Quotes from The Virago Book of Food: The Joy of Eating
JULIA CHILD 1912 - 2004
SIMONE BECK 1904 - 1991
LOUISETTE BERTHOLLE 1905 - 1999
"She dreamed of becoming a spy when the Second World War broke out, but instead Julia Child went on to publish what was in 1961 regarded as the definitive work on French cuisine for English speakers: Mastering the Art of French Cooking. The first of three volumes, it was ten years in the making, written and researched with the help of Simone Beck and Louisette Bertholle. Soon afterwards, the American public began a long television love affair with Julia Child, a 6' 2" domestic goddess with a wobbly voice. This self-confessed 'natural ham' demystified French cuisine for millions of Americans rather in the way that Fanny Cradock brought haute cuisine to the British during the same period. In an effort to allay public fear of the fat used in French cooking, she noted: 'You don't see all those big fat people over there that you see lumbering around here at Disneyland'. She herself never became overweight, and ended every show with the words, 'Bon Appetit!'"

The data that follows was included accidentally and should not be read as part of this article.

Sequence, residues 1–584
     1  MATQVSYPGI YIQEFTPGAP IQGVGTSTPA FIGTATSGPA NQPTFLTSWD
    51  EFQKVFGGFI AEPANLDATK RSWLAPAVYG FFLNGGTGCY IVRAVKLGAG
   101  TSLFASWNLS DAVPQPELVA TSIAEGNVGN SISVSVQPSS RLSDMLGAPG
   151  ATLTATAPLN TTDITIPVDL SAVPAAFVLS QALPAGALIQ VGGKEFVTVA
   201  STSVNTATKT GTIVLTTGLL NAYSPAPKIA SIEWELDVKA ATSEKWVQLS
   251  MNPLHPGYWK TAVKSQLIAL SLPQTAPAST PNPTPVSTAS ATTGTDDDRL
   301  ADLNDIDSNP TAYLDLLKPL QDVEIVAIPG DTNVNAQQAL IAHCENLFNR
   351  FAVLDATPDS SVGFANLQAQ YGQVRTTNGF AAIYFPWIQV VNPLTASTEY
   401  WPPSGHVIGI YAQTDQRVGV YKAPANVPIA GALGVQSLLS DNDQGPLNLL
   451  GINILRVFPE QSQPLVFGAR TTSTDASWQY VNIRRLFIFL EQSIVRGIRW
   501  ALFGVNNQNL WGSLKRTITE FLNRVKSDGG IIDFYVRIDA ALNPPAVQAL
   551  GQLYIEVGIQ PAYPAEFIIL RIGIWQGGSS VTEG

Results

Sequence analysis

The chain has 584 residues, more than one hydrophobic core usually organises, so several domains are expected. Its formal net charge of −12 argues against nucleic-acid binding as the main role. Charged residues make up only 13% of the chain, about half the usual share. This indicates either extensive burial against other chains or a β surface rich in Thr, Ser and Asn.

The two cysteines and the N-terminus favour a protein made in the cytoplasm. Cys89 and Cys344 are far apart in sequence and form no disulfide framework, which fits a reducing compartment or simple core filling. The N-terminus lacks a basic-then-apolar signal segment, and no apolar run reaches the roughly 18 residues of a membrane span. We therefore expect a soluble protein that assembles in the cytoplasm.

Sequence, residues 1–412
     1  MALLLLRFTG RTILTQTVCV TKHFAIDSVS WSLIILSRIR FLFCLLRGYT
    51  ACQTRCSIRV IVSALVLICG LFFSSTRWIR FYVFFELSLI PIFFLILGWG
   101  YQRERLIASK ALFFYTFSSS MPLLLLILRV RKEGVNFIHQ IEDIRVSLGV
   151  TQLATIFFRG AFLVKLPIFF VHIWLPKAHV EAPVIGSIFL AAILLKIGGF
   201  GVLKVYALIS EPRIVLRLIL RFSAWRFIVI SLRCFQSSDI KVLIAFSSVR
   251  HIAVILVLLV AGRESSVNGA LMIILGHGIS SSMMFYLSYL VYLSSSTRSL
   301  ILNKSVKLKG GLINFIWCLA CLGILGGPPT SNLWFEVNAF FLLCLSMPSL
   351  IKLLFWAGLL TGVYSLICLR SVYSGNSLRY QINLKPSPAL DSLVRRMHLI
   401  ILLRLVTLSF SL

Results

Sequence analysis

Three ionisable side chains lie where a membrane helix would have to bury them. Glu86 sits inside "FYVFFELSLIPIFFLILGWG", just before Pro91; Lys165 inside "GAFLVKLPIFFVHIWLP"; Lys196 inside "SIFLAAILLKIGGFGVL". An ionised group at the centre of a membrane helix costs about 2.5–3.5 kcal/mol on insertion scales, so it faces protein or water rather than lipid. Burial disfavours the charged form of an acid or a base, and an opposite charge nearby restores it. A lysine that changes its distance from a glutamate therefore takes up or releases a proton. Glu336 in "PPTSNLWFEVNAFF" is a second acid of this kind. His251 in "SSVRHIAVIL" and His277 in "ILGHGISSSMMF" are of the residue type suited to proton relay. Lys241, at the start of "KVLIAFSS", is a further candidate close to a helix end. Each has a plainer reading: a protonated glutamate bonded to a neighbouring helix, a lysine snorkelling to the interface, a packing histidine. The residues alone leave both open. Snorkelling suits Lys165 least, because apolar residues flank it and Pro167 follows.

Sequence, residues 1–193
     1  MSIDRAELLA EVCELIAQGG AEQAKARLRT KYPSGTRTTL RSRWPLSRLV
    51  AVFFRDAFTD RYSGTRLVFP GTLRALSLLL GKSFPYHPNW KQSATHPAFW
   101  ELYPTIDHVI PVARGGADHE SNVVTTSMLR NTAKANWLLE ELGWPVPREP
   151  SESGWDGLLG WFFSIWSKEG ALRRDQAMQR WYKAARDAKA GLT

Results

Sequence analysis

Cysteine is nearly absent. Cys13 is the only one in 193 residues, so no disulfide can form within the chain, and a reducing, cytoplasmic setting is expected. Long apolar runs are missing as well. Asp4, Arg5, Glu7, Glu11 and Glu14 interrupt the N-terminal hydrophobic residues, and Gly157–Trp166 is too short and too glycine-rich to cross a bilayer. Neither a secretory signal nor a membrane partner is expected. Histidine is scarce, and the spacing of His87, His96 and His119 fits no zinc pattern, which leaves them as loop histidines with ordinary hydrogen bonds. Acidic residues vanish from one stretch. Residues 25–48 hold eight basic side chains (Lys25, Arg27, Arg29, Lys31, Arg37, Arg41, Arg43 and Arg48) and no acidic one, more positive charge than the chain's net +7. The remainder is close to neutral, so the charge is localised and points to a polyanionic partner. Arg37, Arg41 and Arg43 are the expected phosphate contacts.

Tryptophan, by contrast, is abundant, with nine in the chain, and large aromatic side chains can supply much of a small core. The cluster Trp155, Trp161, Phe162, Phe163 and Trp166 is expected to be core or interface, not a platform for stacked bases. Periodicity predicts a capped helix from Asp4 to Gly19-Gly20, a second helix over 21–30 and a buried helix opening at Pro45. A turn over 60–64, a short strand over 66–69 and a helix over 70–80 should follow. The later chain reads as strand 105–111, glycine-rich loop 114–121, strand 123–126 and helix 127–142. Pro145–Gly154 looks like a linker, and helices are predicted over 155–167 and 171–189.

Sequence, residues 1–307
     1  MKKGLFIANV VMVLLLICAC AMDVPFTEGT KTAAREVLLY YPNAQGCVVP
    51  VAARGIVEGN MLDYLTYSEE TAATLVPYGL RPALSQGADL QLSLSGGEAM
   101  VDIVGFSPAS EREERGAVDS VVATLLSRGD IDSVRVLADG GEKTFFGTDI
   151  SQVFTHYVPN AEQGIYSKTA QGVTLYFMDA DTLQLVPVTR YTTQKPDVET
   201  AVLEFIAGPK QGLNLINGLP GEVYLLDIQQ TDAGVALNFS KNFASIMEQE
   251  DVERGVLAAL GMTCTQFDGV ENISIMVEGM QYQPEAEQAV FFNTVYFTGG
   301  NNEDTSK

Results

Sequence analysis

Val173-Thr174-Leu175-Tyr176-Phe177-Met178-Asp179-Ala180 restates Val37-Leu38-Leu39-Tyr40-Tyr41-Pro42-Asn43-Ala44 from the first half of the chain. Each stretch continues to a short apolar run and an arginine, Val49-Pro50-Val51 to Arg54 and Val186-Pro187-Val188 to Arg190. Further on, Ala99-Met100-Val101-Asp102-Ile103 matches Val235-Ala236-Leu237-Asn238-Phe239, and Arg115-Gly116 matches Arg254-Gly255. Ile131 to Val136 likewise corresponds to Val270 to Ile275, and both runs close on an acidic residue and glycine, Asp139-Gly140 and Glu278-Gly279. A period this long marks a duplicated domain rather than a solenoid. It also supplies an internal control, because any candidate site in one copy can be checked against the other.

The memory of a good French pâté can haunt you for years. Fortunately they are easy to make, and you can even develop your own special pâté maison. Do not expect a top-notch mixture to be inexpensive, however, for it will contain ground pork, pork fat, and usually veal, as well as cognac, port, or Madeira, spices, strips or cubes of other meats, game, or live, and often truffles. If the mixture is cooked and served cold in its baking dish it is called either a terrine or a pâté. If it is molded in a pastry crust, it is a pâté en croûte. A boned chicken, turkey, or duck filled with the same type of mixture in a galantine. Pâtés and terrines will keep for about 10 days under refrigeration; they are fine to have on hand for cold impromptu meals, since all you need to serve with them are a salad and French bread.
Mastering the Art of French Cooking
Julia Child, Simone Beck, Curnonsky, Louisette Bertholle
(photo credit - Paul Child)